Grammar Is Your Friend

We all have our pet peeves, don’t we?

In an irritating society there are plenty of irritating habits that make your skin crawl and your patience disappear. People chewing with their mouth open, snorting, sniffing, coughing, talking, squeaking…I can go on and on. It just depends upon your tolerance level.

But there is something lately that grinds me even more than all those body noises.

Bad Grammar.

Perhaps it’s because I’m a writer/proofreader/editor it grinds me a bit more than you.  But I can’t help but wonder what ever happened to teaching correct grammar — spelling and speaking.

With auto-correct and word anticipation on every computer on the planet, you would think the correct words would just appear. But even auto-correct can’t help with the wrong choice of words. Auto-correct can’t help those who guess at the wrong word or the wrong version of a word.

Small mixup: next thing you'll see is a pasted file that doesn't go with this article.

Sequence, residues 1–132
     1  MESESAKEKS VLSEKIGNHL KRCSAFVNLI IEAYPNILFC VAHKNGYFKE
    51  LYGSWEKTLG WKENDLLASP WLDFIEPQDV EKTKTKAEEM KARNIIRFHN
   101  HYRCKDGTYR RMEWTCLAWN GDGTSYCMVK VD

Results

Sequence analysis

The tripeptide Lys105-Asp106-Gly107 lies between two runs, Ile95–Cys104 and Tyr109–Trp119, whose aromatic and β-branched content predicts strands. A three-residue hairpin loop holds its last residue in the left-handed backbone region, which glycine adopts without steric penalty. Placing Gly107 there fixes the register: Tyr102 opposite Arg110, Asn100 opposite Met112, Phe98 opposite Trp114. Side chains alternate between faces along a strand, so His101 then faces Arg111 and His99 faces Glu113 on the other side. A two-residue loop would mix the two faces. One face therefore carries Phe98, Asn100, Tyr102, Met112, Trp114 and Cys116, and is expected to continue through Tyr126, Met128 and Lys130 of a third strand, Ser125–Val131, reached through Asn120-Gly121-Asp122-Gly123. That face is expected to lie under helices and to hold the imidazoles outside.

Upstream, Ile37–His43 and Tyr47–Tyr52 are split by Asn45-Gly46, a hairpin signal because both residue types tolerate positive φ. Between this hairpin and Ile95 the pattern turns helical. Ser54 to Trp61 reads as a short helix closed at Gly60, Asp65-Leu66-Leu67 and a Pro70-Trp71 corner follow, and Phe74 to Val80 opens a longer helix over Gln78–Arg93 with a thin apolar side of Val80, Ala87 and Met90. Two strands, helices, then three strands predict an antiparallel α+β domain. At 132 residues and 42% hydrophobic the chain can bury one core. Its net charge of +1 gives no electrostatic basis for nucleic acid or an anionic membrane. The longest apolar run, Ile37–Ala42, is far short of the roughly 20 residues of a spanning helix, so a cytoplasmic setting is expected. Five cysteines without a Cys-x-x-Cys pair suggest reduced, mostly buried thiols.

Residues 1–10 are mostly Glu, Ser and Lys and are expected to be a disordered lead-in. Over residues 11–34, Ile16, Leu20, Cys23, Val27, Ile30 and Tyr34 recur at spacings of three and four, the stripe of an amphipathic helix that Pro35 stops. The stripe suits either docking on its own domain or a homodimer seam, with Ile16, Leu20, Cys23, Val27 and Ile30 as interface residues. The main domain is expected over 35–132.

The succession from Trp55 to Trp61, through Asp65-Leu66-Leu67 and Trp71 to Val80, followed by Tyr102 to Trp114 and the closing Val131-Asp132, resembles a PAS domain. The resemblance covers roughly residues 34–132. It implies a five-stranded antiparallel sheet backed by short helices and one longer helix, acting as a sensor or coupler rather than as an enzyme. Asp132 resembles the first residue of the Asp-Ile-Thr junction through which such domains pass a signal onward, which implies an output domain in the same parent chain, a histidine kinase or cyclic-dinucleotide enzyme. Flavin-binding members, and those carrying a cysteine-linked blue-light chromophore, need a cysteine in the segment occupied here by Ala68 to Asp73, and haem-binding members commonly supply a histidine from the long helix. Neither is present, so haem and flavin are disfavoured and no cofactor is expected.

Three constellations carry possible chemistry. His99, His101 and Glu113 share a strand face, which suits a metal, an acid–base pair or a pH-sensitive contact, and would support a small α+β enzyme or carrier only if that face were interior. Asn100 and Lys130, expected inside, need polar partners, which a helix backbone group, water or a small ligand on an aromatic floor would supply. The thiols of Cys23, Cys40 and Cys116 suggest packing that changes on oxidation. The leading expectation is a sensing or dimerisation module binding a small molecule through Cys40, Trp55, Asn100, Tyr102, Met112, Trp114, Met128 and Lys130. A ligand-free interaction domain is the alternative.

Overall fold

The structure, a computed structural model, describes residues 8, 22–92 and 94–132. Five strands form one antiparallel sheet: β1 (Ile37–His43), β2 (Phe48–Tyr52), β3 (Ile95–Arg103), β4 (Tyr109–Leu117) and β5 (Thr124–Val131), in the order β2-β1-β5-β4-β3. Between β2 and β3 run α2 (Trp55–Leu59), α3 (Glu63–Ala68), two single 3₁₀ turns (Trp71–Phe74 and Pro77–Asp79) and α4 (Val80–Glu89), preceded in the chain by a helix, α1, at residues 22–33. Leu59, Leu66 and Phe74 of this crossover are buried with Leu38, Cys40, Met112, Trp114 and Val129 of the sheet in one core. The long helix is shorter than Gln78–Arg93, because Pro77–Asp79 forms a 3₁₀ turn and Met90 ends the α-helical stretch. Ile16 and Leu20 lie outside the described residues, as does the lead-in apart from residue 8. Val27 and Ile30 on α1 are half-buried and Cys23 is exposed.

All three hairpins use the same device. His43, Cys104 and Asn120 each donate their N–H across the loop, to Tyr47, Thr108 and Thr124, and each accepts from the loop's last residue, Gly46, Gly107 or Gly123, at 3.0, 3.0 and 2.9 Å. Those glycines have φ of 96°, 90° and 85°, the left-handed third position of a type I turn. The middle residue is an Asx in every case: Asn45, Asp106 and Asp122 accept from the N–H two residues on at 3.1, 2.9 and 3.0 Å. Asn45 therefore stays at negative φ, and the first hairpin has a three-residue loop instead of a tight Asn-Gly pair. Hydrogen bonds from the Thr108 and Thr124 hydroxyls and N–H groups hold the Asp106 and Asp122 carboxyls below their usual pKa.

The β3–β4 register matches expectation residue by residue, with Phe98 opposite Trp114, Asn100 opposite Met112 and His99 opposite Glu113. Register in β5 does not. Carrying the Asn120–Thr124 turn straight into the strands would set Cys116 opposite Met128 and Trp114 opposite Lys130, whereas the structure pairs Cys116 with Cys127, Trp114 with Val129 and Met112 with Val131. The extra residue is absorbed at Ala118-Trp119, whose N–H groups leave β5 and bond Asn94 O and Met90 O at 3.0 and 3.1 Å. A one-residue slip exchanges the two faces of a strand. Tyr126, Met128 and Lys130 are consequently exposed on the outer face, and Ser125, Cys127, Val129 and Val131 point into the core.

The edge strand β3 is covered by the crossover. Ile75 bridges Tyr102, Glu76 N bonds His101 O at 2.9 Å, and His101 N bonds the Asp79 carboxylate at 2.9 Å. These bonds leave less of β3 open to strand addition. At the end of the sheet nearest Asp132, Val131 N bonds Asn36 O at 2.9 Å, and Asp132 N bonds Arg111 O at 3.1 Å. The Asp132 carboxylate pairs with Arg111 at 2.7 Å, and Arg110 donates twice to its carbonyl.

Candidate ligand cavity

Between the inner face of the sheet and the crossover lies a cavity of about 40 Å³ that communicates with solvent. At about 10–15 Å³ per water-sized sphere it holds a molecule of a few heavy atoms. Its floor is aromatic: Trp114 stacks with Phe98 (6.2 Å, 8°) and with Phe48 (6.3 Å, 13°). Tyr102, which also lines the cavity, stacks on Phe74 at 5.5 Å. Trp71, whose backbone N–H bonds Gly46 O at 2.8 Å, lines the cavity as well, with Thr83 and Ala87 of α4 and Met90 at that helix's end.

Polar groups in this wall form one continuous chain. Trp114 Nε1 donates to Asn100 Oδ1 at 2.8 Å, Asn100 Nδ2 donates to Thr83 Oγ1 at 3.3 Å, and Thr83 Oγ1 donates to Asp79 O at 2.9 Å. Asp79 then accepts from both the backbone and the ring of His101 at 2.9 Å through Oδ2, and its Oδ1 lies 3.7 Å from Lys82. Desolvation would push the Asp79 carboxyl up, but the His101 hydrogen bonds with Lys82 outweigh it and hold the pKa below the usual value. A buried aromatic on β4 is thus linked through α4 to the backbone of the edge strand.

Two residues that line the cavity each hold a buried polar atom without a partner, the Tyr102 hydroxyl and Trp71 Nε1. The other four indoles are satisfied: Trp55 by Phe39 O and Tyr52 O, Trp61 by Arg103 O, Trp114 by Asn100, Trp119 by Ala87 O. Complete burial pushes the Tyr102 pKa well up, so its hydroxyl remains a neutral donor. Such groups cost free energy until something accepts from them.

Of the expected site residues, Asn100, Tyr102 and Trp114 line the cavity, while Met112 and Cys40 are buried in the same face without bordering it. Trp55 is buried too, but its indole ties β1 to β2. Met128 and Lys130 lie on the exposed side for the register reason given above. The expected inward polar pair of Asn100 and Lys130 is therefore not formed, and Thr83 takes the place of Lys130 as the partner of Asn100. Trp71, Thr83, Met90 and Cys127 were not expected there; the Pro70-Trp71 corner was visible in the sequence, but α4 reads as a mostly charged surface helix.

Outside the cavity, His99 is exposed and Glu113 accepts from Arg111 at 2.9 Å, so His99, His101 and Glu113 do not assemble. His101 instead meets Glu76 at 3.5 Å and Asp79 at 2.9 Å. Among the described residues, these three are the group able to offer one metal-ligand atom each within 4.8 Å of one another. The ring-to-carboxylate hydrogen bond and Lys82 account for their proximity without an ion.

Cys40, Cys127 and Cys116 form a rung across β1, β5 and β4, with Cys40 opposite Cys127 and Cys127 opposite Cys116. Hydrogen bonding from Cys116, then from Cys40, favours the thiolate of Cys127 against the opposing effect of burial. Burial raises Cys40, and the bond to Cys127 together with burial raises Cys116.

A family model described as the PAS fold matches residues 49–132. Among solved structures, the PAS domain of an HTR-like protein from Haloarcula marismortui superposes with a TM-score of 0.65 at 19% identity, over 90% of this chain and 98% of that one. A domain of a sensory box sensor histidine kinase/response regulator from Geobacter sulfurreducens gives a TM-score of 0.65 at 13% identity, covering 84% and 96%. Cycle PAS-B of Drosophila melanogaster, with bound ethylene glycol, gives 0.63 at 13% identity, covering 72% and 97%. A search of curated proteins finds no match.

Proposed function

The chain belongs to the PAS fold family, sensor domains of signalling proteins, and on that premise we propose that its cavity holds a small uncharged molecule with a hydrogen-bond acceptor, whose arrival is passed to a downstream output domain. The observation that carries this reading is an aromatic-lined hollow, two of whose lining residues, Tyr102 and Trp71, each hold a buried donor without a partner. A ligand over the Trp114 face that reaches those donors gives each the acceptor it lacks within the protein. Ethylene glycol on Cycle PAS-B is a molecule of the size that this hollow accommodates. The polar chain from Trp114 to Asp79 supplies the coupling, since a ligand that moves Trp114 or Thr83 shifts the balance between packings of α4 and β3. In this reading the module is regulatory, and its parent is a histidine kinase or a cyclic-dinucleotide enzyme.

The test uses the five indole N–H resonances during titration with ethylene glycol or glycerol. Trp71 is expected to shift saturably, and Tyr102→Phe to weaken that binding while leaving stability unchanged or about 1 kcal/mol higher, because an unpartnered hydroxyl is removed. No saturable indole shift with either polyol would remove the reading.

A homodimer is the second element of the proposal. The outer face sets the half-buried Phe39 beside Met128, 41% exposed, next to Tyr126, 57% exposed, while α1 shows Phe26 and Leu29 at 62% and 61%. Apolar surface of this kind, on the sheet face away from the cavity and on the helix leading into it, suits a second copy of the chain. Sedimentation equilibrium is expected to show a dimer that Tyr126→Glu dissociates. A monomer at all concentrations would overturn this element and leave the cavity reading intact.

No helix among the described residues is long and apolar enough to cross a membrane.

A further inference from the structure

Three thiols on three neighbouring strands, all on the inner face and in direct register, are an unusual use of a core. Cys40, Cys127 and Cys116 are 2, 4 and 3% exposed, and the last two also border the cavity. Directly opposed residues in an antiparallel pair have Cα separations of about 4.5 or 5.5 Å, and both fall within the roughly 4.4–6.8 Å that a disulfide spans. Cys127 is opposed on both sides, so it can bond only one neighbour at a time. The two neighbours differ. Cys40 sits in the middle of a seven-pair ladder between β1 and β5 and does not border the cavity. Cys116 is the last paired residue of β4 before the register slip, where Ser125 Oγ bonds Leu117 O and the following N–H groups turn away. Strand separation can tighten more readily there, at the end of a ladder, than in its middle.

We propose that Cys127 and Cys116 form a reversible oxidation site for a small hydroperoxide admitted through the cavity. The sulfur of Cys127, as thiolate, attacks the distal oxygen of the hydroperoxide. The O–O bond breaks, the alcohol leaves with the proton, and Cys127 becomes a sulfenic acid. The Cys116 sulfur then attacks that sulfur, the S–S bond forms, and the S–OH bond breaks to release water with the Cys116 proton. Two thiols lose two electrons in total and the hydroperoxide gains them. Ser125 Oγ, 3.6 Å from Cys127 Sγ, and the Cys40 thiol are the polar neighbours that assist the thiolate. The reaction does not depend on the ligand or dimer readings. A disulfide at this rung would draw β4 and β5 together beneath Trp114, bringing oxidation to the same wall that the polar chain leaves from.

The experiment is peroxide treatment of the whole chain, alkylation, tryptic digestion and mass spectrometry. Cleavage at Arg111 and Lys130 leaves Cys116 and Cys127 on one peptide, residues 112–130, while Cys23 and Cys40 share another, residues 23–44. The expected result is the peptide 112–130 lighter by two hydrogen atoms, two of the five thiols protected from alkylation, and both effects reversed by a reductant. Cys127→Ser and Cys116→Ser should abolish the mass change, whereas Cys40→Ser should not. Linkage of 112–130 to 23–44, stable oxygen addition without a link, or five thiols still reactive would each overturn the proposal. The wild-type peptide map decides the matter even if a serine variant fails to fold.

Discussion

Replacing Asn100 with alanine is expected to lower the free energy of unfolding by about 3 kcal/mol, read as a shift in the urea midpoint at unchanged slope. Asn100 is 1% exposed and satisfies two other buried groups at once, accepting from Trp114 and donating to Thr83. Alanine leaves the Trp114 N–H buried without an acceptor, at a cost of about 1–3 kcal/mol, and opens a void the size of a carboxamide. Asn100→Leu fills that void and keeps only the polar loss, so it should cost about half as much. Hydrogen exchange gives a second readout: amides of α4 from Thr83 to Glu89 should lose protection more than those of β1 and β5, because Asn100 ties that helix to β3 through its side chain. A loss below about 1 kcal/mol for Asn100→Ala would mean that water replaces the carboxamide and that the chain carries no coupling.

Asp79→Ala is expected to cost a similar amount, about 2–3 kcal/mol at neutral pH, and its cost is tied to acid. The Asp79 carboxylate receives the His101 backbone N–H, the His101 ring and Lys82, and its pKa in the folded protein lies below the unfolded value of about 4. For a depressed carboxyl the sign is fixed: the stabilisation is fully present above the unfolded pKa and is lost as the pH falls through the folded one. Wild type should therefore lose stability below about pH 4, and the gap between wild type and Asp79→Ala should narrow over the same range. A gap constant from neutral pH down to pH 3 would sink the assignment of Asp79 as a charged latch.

Grammar isn’t rocket science.  It’s common sense. Something that many people lack.

It’s one thing if you type the wrong word. In my haste to get something written, at work and at home, I have picked the wrong form/spelling/tense. Almost always I catch my mistakes in proofreading. But I’ve come across some people — professional people — who consistently misspell, misrepresent, and actually mangle the English language. And often these are higher-ups — vice presidents, executives — people who should know better.

Today a “sponsored” post on my FB account called Grammarly said, “Sick of making grammatical and spelling mistakes? Perfect writing is a click away!” So now there’s another automatic corrector out to help make sense of your nonsense.

I know I sound like an old lady, but at least I am a grammatically correct old lady. They aren’t teaching cursive in schools these days — but have they given up on grammar too? I hear a lot of lazy English these days — hip language, slurred consonants, half words. I suppose most of that is on purpose. Whether that will get the speaker far in today’s working world only time will tell.

But lazy writing will be the death knell.